Friday, February 27, 2009

Don't Let Judges Fix Loans


In his housing plan, President Obama has asked Congress to give bankruptcy judges the authority to rework the terms of mortgages and allow more people to stay in their homes. Though the president’s idea sounds appealing, there are at least three reasons it is misguided.

First, the proposal would swamp bankruptcy courts. There are only about 300 bankruptcy judges, and they are already busy with an increasing number of bankruptcies. Clearing millions of new mortgage cases will take a long time and thus have little immediate effect on the foreclosure crisis. In addition, the flood of new cases would delay the resolution of business bankruptcies, to the detriment of the economy.

Second, many debtors will be disappointed. Consider the parties’ incentives. Debtors will argue for low home values while lenders will argue for the opposite, to minimize their losses. Lenders will win many of these valuation contests: they have more expertise than individuals in making their case and greater resources.

Finally, the proposal worsens economic uncertainty. A major cause of the financial crisis is that many banks do not know what their assets — and particularly home mortgages — are worth. Valuing homes is simple when prices are stable. An appraiser can look at prices in a neighborhood and plausibly infer that a particular house is worth about as much as similar houses there.

But even experts do not know how to value individual houses when a large number of them are in default, and thus potentially for sale, and cash is tight for prospective buyers. Under the president’s proposal, however, bankruptcy judges who are not experts at valuation would be required to price individual houses. Valuation thus will likely be a shot in the dark, inevitably affected by a judge’s personal sympathies. The arbitrariness of valuing single homes in bankruptcy will further increase the already considerable uncertainty regarding the value of the banks’ “toxic assets.”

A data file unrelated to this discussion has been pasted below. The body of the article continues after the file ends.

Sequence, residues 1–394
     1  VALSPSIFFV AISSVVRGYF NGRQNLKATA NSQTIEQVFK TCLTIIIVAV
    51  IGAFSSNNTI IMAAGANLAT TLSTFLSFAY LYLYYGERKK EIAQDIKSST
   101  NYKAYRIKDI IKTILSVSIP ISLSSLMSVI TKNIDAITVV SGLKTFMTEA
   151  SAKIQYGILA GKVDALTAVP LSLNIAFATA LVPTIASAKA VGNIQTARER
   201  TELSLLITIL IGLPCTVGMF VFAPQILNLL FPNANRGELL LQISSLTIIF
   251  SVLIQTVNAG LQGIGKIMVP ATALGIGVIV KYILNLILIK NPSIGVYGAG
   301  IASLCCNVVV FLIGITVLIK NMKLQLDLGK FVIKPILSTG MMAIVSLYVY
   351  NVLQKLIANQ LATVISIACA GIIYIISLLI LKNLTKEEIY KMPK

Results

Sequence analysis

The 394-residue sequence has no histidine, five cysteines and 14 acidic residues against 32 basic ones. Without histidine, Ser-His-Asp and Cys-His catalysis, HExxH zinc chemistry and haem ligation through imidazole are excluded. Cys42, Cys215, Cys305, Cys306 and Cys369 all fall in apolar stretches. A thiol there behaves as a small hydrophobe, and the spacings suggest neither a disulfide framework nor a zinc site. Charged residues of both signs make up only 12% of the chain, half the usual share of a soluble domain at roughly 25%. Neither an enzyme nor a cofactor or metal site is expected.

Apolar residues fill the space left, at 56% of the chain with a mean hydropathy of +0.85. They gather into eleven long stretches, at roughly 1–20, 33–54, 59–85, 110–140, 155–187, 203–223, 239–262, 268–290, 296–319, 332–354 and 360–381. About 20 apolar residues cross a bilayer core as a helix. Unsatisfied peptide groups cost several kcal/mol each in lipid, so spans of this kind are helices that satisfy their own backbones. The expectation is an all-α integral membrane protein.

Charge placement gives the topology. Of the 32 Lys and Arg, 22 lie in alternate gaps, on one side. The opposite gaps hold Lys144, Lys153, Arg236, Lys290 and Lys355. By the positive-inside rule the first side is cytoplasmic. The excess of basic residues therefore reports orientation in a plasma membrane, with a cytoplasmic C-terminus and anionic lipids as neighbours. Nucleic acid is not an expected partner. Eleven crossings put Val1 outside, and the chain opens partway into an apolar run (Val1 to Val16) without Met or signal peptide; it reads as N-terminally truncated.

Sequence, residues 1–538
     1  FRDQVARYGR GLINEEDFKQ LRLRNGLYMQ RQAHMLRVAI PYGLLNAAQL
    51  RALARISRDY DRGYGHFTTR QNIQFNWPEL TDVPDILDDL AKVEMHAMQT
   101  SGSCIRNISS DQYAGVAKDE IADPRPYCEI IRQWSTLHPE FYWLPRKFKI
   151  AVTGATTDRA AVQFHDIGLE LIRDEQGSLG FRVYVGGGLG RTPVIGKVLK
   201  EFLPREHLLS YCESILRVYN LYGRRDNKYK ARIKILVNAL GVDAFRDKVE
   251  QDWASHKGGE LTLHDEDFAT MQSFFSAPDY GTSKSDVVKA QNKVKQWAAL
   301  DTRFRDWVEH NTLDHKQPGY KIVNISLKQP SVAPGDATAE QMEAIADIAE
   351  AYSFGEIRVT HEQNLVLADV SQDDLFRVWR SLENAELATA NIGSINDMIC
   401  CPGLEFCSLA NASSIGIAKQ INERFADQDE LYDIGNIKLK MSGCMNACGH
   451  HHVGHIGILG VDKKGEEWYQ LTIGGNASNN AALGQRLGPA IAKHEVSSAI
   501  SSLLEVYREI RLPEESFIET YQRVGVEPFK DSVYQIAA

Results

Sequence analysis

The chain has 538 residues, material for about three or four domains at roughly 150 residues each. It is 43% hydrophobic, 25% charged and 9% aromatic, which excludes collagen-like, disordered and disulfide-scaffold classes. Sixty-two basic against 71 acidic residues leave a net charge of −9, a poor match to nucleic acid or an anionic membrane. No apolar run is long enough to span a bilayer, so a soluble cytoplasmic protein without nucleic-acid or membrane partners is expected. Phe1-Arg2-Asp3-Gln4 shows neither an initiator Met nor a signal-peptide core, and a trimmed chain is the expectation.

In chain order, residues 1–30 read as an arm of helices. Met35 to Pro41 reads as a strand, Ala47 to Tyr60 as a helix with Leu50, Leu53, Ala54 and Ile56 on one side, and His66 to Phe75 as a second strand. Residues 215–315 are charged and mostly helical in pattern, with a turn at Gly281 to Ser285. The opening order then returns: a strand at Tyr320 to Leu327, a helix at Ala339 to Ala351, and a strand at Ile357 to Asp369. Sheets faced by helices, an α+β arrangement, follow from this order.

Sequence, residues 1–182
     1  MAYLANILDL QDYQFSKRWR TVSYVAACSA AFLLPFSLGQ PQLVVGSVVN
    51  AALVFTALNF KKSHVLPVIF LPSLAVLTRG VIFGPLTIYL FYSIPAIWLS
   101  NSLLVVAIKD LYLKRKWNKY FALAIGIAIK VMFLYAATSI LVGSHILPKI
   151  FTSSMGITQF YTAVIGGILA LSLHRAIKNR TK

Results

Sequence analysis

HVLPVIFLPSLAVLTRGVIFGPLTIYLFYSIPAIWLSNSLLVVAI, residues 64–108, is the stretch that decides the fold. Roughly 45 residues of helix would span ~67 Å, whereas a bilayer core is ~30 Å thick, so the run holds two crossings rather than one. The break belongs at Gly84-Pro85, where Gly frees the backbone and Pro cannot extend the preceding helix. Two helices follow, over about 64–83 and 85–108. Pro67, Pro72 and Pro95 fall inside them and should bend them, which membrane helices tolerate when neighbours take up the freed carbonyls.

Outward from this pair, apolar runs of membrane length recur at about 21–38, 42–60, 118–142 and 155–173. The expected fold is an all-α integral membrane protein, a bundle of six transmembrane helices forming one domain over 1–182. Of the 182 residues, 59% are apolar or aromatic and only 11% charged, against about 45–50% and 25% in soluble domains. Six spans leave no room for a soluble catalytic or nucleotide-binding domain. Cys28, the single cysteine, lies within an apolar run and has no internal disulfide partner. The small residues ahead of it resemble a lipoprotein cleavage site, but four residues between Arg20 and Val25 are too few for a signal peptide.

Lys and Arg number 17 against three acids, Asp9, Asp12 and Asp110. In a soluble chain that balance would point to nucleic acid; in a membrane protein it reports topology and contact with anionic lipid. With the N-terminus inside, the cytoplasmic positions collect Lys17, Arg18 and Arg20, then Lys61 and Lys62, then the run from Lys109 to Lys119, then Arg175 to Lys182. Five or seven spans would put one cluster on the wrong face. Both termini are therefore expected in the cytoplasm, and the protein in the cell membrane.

There are many things that can be done to help debtors retain their homes. It would help, for instance, to change regulations to let loan administrators modify mortgages without fear of liability from the mortgage’s ultimate holders. What won’t help, however, would be to put bankruptcy judges in the business of reworking bad home loans.

Alan Schwartz is a professor of law and management at Yale.

Copyright 2009 The New York Times Company. All rights reserved.

Wednesday, February 25, 2009

Loss Mitigation in the Southern District of New York

In recognition of the mounting number of foreclosures on residential and commercial properties in the current shaky economy, the United States Bankruptcy Court for the Southern District of New York adopted a Loss Mitigation Program on December 18, 2008, which became effective on January 5, 2009.

The Loss Mitigation Program is intended to facilitate consensual resolutions for individual debtors whose residential real property is at risk of loss to foreclosure, avoid the need for bankruptcy litigation, reduce costs to debtors and secured creditors and enable debtors to reorganize or otherwise address their most significant debts and assets under the Bankruptcy Code.